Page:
The most frequent subjects that we get when configuring a custom PC is whether to go with an Intel Core i7 or a comparable Intel Xeon processor.
Both are extremely strong CPUs that are appreciated for their high core counts, impressive processing speed, and other features. So which chip should you prefer?
Sure, you are usually tied to what you want to do in the first place but it is not clear cut, primarily as the introduction of new, cheaper Xeon processors has made it more engaging to gamers.
For the sake of simplicity, we’re not going to include laptops or embedded models, focusing rather on the desktop and server.
i7 vs Intel Xeon is a very popular topic for gamers, in this article we gonna analyze best CPUs to find out which is better for a gamer.
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i7 vs Intel Xeon: Basic
Xeon is a CPU lineup from intel, and it’s aimed primarily at workstations and servers. Xeon CPUs typically give more cores than mainstream PCs, but the clock speeds are a little shaky when compared with their Core i7 counterparts.
But there are still lots of advantages to sticking with this “desktop-class” processor.
When Intel discovered, about 11 years ago, that just increasing the processor speed wouldn’t bring much performance increase, they chose to raise the number of cores instead, increasing that overtime to four cores for the Core family (10 for the extreme edition) and 24 or more for the Xeon family.
If the price is of no concern to you, then the XEON will always win in the number of cores. Current XEONs go as high as 48 cores where the modern Core i7 tops out at 8 cores. That sounds marvelous till you find out that the 48 Core XEON will get you almost USD 10,000.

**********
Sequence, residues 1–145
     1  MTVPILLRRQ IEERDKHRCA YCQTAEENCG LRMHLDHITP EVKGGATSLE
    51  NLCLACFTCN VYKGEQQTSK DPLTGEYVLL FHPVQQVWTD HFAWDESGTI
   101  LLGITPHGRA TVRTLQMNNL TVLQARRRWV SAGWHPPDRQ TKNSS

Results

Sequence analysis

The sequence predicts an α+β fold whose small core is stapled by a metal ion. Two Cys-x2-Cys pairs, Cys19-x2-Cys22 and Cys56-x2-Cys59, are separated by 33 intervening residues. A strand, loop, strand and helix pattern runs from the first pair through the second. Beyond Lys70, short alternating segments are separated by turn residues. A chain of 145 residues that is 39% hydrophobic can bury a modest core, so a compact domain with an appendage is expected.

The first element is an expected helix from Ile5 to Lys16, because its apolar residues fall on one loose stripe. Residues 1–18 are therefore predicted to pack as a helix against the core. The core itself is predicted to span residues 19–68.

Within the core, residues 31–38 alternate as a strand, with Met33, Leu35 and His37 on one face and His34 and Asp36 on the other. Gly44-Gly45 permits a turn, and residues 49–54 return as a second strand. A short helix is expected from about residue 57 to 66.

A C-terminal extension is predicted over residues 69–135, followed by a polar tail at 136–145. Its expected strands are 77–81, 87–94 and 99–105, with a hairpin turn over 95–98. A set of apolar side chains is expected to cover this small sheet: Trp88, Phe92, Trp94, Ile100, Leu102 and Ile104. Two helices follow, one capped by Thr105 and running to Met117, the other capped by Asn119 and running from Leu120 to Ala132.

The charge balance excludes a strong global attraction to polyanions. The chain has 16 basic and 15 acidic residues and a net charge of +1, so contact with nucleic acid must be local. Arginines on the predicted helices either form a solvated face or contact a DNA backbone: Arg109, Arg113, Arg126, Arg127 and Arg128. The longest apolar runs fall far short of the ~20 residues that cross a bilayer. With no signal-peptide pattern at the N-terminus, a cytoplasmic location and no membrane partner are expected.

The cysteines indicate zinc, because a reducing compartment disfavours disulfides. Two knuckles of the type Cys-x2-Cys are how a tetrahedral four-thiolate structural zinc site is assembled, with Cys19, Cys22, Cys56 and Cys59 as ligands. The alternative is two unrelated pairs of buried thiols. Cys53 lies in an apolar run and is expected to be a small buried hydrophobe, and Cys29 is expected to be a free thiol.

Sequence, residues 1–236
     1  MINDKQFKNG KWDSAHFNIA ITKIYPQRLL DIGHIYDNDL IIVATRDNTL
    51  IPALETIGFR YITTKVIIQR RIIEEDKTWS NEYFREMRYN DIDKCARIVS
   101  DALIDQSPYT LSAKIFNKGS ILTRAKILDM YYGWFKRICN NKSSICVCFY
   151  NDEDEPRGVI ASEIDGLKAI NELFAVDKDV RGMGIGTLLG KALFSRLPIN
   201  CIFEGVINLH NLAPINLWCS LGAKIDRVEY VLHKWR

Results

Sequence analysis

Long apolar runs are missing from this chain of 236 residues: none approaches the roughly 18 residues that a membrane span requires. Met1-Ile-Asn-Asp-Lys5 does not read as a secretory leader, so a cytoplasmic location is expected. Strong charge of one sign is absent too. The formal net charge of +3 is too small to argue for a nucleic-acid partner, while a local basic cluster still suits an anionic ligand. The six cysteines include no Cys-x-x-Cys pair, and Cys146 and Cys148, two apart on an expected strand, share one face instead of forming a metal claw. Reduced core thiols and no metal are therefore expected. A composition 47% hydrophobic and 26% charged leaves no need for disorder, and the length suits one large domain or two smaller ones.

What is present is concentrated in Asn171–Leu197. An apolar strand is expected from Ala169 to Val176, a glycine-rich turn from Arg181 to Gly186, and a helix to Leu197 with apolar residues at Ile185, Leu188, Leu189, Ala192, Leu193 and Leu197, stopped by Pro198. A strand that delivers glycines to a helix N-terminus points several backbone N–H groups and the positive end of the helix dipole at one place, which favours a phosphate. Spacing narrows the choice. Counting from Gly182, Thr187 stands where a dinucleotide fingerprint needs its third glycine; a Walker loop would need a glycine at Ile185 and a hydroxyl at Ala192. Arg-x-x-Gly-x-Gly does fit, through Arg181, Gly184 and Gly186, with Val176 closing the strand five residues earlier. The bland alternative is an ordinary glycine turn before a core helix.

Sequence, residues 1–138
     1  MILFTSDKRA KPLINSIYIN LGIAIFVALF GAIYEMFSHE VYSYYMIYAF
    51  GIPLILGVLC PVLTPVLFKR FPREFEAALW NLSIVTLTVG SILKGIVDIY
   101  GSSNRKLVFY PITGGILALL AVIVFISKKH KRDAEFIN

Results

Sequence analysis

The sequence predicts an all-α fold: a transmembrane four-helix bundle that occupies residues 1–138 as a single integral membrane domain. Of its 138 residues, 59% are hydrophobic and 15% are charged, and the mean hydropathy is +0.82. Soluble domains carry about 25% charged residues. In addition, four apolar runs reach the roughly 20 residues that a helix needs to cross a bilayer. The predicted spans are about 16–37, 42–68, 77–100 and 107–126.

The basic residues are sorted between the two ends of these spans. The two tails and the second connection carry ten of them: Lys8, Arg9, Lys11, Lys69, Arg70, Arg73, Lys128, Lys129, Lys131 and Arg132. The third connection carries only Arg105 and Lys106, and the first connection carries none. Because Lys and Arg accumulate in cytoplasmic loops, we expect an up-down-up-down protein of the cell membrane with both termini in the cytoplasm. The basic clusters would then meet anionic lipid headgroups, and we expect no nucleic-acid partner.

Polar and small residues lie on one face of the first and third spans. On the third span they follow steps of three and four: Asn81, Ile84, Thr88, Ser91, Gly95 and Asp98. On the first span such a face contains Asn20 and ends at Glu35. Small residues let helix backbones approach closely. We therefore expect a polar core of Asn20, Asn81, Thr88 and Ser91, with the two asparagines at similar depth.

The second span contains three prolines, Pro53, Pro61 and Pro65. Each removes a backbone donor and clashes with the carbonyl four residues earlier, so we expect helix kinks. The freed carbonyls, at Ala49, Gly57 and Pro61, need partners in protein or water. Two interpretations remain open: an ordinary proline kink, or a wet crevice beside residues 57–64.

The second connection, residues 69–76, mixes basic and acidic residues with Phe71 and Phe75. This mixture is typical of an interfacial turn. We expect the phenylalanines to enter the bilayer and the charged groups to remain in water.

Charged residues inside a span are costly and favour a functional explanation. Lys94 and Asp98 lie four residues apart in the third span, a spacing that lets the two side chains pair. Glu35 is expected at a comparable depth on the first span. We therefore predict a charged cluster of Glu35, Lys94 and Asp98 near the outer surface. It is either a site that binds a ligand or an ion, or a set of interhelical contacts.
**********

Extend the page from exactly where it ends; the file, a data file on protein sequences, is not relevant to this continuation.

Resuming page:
Speed is probably one of the few relevant metrics especially since Intel introduced Turbo Boost which allows the CPU clock speed to dynamically change depending on the workload. Clock speed and Turbo boost are usually tied to power distribution; the lower the (TDP), the lower the clock speed.
So far, Xeon sounds pretty good: tons of cores, decent clock speeds (in some cases), and lots of PCIe lanes.
i7 vs Intel Xeon: Advanced
Overclocking gives you the power to enhance the performance of the processor by raising its clock speed from say 3.0 GHz to 4.5 GHz (or even 5.0 GHz) by making some adjustments to the BIOS. In most cases, it does require some extra care put into your cooling configuration, such as the use of bigger CPU coolers, or even water coolers, but in the end, it still turns out to be additional horsepower that can be passed along to your applications.
Xeon is extremely powerful CPUs intended for requiring computing tasks and heavy multitasking, neither of which are needed in a gaming PC but a workstation or a server.
Moreover, Xeon CPUs are overpriced, with most models costing more than 1000$.
Even xeon cost more but still there more than a few old Xeon CPUs that can give you good value for money performance like old xeon x series, xeon x series is usually very good for upgrading your old CPUs like 1st gen intel processors.
Some people think that as Xeon processors are found in high-end workstations and servers they must also be better for gaming. That is not true, because computer games don’t need a bunch of cores or the other numerous advantages that Xeons bring to the table.
Intel Xeon is essentially built for workstation computers. A large number of cores and advanced RAM functions give it enough processing power and speed to handle the most intense creative applications, from computer-aided design (CAD) to 4K video editing to 3D rendering.
No doubt xeon is a powerful processor but when it comes to gaming xeon kinda falls hard because it’s intended purpose but also it does not mean that xeon is bad for gaming, you can get quite decent gaming performance.
As I made it clear xeon is not meant for gaming, but still xeon is the best choice for second-hand old CPUs.